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Volume 7, September

C, Volume 7, Issue 4 (December 2021) – 5 articles

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Article
Applicability of Atmospheric Pressure Plasma Jet (APPJ) Discharge for the Reduction in Graphene Oxide Films and Synthesis of Carbon Nanomaterials
C 2021, 7(4), 71; https://doi.org/10.3390/c7040071 - 14 Oct 2021
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Abstract
Atmospheric pressure plasma jets (APPJ) are widely used in industry for surface cleaning and chemical modification. In the recent past, they have gained more scientific attention especially in the processing of carbon nanomaterials. In this work, a novel power generation technique was applied [...] Read more.
Atmospheric pressure plasma jets (APPJ) are widely used in industry for surface cleaning and chemical modification. In the recent past, they have gained more scientific attention especially in the processing of carbon nanomaterials. In this work, a novel power generation technique was applied to realize the stable discharge in N2 (10 vol.% H2) forming gas in ambient conditions. This APPJ was used to reduce solution-processed graphene oxide (GO) thin films and the result was compared with an established and optimized reduction process in a low–pressure capacitively coupled (CCP) radiofrequency (RF) hydrogen (H2) plasma. The reduced GO (rGO) films were investigated by Raman spectroscopy and X-ray photoelectron spectroscopy (XPS). Effective deoxygenation of GO was observed after a quick 2 s treatment by AAPJ. Further deoxygenation at longer exposure times was found to proceed with the expense of GO–structure integrity. By adding acetylene gas into the same APPJ, carbon nanomaterials on various substrates were synthesized. The carbon materials were characterized by Raman spectroscopy, scanning electron microscopy (SEM), and energy-dispersive X-ray (EDX) analyses. Fullerene-like particles and graphitic carbon with short carbon nanotubes were detected on Si and Ag surfaces, respectively. We demonstrate that the APPJ tool has obvious potential for the versatile processing of carbon nanomaterials. Full article
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Review
Fabrication and Supercapacitor Applications of Multiwall Carbon Nanotube Thin Films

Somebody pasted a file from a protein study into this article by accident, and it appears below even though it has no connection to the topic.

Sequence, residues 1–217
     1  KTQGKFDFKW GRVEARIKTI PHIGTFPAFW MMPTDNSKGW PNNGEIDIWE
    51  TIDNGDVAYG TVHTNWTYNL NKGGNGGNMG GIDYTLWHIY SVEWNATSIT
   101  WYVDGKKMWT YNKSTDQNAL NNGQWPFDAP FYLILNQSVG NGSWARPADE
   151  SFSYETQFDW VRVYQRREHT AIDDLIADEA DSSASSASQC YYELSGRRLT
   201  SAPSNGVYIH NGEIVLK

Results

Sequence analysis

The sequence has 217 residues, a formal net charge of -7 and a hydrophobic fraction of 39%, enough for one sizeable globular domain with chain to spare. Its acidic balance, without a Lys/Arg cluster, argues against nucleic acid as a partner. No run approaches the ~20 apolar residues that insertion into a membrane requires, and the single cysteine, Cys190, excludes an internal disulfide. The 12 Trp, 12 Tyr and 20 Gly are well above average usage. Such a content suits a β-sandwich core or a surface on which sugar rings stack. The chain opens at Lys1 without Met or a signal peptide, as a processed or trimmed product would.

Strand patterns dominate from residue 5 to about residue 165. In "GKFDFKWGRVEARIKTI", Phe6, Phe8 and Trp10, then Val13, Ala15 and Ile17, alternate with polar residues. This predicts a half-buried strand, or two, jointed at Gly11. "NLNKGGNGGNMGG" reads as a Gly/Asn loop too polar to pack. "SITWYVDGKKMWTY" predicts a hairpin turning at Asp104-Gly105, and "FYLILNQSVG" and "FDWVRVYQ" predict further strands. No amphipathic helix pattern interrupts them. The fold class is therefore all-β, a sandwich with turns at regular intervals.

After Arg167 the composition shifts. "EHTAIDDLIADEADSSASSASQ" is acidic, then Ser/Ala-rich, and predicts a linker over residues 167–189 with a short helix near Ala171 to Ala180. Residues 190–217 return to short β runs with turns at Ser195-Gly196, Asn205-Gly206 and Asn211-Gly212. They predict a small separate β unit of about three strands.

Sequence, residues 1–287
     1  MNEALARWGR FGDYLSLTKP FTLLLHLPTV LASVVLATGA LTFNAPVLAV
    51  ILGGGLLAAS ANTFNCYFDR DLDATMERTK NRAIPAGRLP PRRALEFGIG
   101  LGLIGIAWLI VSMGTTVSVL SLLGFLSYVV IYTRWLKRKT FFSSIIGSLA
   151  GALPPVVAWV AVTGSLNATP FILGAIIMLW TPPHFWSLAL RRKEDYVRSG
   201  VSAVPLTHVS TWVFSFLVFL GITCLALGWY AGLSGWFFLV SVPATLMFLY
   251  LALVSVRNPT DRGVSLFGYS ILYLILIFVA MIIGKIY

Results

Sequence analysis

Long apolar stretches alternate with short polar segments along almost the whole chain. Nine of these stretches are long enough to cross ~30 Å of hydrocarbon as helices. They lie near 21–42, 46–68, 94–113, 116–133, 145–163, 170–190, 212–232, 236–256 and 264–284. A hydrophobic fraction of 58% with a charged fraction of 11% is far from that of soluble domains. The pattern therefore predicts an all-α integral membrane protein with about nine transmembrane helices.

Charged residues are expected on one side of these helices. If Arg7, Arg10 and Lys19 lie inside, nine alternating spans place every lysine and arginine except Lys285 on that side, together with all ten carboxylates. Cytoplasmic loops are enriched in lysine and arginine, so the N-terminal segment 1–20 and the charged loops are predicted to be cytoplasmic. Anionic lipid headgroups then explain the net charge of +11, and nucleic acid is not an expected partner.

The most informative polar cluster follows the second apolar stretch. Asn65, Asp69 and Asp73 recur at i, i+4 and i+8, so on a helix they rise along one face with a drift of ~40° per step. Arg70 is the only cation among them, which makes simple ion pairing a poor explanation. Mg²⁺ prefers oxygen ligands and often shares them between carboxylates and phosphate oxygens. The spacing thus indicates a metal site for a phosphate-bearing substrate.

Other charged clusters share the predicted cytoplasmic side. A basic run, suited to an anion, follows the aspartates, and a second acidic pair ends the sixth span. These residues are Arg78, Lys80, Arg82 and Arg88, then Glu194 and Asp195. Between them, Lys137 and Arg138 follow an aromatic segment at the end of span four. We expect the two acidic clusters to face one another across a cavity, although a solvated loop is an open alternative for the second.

C 2021, 7(4), 70; https://doi.org/10.3390/c7040070 - 30 Sep 2021
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Abstract
Multiwalled carbon nanotubes (MWCNTs) are a one-dimensional nanomaterial with several desirable material properties, including high mechanical tensile modulus and strength, high electrical conductivity, and good thermal conductivity. A wide variety of techniques have been optimized to synthesize MWCNTs and to fabricate thin films [...] Read more.
Multiwalled carbon nanotubes (MWCNTs) are a one-dimensional nanomaterial with several desirable material properties, including high mechanical tensile modulus and strength, high electrical conductivity, and good thermal conductivity. A wide variety of techniques have been optimized to synthesize MWCNTs and to fabricate thin films of MWCNTs. These synthesis and fabrication methods vary based on precursor materials, process parameters, and physical and chemical principals, and have a strong influence on the properties of the nanotubes and films. Thus, the fabrication methods determine the performance of devices that can exploit the advantageous material properties of MWCNTs. Techniques for the fabrication of carbon nanotubes and carbon nanotube thin films are reviewed, followed by a discussion of the use of MWCNTs as an electrode material for electrochemical double-layer supercapacitors (EDLCs). EDLCs feature high power density, excellent reversibility and lifetime, and improved energy density over electrolytic capacitors. Beyond surveying fabrication techniques previously explored for MWCNT electrodes, an alternative approach based on inkjet printing capable of depositing a small amount of active material is discussed. Such an approach allows for a high degree of control over electrode properties and can potentially reduce cost and active material waste, which are essential components to the gradual conversion to green energy. Full article
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Article
Nanoporous Carbon Magnetic Hybrid Derived from Waterlock Polymers and Its Application for Hexavalent Chromium Removal from Aqueous Solution
C 2021, 7(4), 69; https://doi.org/10.3390/c7040069 - 30 Sep 2021
Viewed by 228
Abstract